Tap into your team’s expertise
Look at your team and all the combined experience and expertise they possess. Ask your marketing manager to write about social media marketing, encourage the Web designers to share their views on the challenges of designing websites. If they don’t feel they can write entire blog posts, encourage them to share their thoughts or at least suggest ideas that can be properly fleshed out.
Everyone can chip in at this early stage when the aim is to get a blog off the ground. The biggest advantage of tapping into employee expertise is that the content will not be inane. Others will be able to identify with it, or learn from the expertise shared.
Who will write it?:
Hire a freelancer or an overseas writer
With all these topic ideas, you are going to need someone to write for you. This will likely be the biggest expense.
Explore your network. Do you know any writers that would be willing to contribute a blog or two at a reasonable rate?
If not, look at local content writers. They should be easy to find. If they seem expensive, look at the overseas talent pool to fill in this very important role. Outsourcing content creation is a great way to save money and bring quality talent on board.
With a dedicated resource in place, you will also be able to create more content per month. You must, however, work with the writer to produce the best topic ideas. Don’t leave the process entirely to the writer, who may approach things from his or her own (often very different) perspective.
Write your own copy
If everything else fails, and you just don’t have the money to pay a content writer, you can always rely on yourself.
I know what you are thinking. You are an extremely busy business owner who has no time to write fancy copy.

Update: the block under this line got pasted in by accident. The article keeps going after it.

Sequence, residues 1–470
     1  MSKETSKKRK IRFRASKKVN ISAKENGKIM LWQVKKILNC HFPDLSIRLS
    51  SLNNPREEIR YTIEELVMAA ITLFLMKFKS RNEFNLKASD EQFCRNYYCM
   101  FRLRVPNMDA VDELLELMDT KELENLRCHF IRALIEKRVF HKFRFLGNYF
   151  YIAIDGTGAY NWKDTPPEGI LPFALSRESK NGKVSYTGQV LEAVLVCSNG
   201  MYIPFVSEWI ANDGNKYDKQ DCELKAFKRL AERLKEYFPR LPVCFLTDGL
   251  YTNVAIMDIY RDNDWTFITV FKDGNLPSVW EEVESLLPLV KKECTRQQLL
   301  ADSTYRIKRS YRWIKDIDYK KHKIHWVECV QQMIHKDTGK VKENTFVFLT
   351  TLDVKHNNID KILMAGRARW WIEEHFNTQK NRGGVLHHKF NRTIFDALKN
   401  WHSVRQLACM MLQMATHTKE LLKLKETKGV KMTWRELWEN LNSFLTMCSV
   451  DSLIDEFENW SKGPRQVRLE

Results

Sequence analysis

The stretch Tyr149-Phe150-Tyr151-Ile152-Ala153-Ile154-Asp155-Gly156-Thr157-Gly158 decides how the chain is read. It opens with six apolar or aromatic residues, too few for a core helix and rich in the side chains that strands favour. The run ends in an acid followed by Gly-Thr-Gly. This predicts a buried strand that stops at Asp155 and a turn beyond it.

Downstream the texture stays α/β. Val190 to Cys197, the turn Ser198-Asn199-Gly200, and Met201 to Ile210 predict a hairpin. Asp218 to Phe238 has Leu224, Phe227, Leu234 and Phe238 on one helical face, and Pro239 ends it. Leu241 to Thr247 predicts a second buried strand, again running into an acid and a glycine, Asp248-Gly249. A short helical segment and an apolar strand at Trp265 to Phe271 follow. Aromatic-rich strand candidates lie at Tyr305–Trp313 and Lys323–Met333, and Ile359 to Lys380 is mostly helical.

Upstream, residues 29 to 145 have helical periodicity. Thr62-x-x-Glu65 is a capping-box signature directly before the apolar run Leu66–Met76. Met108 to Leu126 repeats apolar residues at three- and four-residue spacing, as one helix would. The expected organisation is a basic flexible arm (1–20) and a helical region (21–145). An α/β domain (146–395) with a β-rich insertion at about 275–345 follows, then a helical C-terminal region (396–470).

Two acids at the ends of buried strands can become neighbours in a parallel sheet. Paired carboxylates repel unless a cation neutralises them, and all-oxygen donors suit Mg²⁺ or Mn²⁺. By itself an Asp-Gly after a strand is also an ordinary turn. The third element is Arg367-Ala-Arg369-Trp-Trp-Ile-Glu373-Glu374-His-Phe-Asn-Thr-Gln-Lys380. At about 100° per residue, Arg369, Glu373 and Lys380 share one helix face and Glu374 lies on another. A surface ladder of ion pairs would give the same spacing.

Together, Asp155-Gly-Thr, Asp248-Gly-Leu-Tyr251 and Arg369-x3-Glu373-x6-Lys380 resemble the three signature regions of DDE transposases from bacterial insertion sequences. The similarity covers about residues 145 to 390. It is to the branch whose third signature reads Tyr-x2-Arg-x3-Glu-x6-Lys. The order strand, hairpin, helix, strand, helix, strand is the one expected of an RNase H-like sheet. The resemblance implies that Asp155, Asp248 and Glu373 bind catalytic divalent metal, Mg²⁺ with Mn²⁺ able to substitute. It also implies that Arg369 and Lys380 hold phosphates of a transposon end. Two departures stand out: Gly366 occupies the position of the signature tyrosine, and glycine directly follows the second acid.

It doesn’t have to be fancy. Focus on one or two posts a week, about 500-600 words in length. Honestly, it’s not that difficult. Jot down your thoughts as you go about your day. Get a good note-taking app — Evernote or OneNote, or numerous others of the kind that sync with the cloud.
You may even describe your struggles of not being able to find enough time to create copy as a business owner! There are many who will identify with it. Focus on capturing thoughts, not so much on the structure and grammar, though that is important, too.
In my experience, readers usually focus on the usefulness or the emotional appeal of content. It doesn’t have to be perfect, just honest. Jeff Bullas started with solid ideas and not great literature. His success rests on the relevance and practical utility of his advice, not the perfection of grammar.
Tell us about your business blogging experience Where is your business at this stage and what are your plans for creating a resourceful blog? How much do you think is reasonable expenditure on a blog during the early stages of a business? If you are already on your way to creating impressive content, how did you put it together? Please leave a comment and let me know!
*”Perspective” pieces are submitted by individuals, and lightly edited by StartUp Beat for spelling and grammar. Any claims made or errors otherwise are attributed to and the sole responsibility of the author.